Remember… an unstructured document processing model is an iterative journey of identifying false matches and feeding them back into the training model for refinement.
How do you manage low confidence scores for documents in the published library?
Answer: You can use the confidence score to inform your training process. You should decide what threshold will trigger a knowledge manager to look at the model to determine if it needs more refinement. This continuous feedback process supports the idea that an unstructured document processing model is NOT a once-and-done activity.
A couple of ideas to help:
- Use List view/Column formatting to highlight the row/document if it falls below your confidence score threshold
- Use the new Automate… Rules…Create a Rule document library toolbar feature to automatically send an email to the knowledge manager once the confidence score goes below a certain threshold
Can you programmatically retrieve the confidence score on the library?
Answer: Yes, it’s stored as a library column, so Power Automate and API options will have access to its value.
Can you programmatically run a Syntex model on a file?
Answer: Yes. You can apply a model using PowerShell or API.
Why would you want to do this? A model will automatically run only on the upload event which means if you change something in the document content and a different value should be extracted as metadata because of the change, you will need to rerun the model. In this case, a Power Automate flow triggered on the change item event could be used to retrigger the classification process.
- PowerShell: Request processing by a custom model
- API: Create file classification request
Are explanations OR’d or AND’d together?
Answer: Phrase list explanations are OR’d together and interpreted with the label (positive/negative) by an algorithm to generate the AI model and ultimately determine if it is an overall match. It’s not necessary to satisfy all explanations in the document, they are simply a “potential” indicator.
it is nearly impossible to predict a linear impact from any one label or explanation to the outcome. Resist the temptation to “reverse engineer” the algorithm to determine a positive or negative outcome. Your best offense is to provide as many explanations as possible since the more explanations with a positive match will generate a higher confidence score.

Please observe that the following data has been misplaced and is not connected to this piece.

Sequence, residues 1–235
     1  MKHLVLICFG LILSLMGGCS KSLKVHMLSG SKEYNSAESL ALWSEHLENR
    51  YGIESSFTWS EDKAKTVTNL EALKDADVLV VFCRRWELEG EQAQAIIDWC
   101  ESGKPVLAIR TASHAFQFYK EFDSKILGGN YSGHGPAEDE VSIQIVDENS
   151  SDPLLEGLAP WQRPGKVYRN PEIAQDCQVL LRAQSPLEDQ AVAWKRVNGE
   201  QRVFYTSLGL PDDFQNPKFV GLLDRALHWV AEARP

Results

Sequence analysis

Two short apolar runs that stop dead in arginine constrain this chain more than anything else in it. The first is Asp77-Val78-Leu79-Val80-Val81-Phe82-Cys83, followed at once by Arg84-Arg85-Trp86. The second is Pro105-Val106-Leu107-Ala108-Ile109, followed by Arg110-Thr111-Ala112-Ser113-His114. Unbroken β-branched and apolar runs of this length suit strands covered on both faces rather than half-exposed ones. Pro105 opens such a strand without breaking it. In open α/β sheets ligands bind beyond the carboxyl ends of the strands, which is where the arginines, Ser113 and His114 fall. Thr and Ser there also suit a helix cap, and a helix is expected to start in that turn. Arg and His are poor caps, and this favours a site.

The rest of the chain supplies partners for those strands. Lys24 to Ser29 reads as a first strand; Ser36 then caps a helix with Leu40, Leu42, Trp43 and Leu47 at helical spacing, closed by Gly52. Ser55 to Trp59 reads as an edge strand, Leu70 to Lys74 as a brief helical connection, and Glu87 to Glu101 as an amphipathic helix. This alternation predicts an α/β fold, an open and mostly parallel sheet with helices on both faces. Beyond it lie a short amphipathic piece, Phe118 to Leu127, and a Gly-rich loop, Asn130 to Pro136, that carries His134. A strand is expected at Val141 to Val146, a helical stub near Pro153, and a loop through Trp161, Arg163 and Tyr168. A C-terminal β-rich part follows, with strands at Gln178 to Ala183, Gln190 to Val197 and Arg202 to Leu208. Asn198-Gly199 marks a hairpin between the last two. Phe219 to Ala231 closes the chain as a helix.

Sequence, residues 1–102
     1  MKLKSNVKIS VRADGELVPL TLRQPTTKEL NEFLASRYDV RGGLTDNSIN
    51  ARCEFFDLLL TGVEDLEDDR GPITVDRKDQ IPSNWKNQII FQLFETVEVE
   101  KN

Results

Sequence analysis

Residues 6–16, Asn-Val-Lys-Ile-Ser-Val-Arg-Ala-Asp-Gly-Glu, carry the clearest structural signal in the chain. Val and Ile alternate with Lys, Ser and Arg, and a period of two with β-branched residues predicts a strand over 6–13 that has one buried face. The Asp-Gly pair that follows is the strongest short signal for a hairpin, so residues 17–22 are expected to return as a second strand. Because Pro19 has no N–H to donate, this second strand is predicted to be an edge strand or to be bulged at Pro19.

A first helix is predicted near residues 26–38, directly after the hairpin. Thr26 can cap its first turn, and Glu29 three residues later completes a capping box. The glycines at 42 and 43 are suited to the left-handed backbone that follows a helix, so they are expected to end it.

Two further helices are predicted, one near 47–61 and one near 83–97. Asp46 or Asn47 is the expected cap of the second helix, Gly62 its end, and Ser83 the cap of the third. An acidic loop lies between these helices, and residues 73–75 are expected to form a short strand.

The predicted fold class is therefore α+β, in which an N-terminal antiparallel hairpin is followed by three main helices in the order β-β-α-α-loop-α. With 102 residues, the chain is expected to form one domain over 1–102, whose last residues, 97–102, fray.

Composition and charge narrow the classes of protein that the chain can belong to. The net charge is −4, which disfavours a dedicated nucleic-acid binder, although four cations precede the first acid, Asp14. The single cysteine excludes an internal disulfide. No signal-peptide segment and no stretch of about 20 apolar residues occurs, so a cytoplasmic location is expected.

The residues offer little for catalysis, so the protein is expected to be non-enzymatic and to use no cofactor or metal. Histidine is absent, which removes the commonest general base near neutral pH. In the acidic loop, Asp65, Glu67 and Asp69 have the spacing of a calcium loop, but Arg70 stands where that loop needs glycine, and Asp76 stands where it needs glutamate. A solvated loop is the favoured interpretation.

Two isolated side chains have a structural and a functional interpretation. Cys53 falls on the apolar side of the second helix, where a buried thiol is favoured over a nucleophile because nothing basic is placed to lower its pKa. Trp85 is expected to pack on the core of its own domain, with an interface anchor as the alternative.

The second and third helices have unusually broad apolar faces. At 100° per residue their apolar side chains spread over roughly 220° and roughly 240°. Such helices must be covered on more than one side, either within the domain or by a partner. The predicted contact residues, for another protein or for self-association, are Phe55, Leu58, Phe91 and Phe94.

This again reiterates the importance of having a sufficient number of training files to cover the “representative breadth” of content that will enter the library and will help inform the number of explanations you must create.
What are tokens?
Answer: tokens are used to parse the content and are comprised of letters/digits, special characters, and spaces. When you are training the model, you will see each white line indicating a token separator (image). You can look for an extractor within a token range.
Can you migrate a Syntex model from one tenant to another?
Answer: Yes. You can use either PnP Powershell or the PnP Core SDK to migrate across content centers or tenants. You can also use PowerShell to move custom explanation templates.
- PnP PowerShell:
- PnP Core SDK: Working with Microsoft Syntex
Can I have more than 1 model published to the same library?
Answer: Yes. All models will run against any file uploaded to the library. The one with the highest confidence score wins! It is a common scenario to have multiple models published to the same library as business processes often have different types of content being stored in the same library, each relating to a different model.
Can I publish a model to the OneDrive library?
Answer: No. I was asked this in a recent session I gave but didn’t ask their use-case. I’d love to know the use-case for this if you have one! 🙂
I hope you found these FAQs helpful as you’re working thru your own models. I may add to this list over time as I learn new things.
Thanks for reading.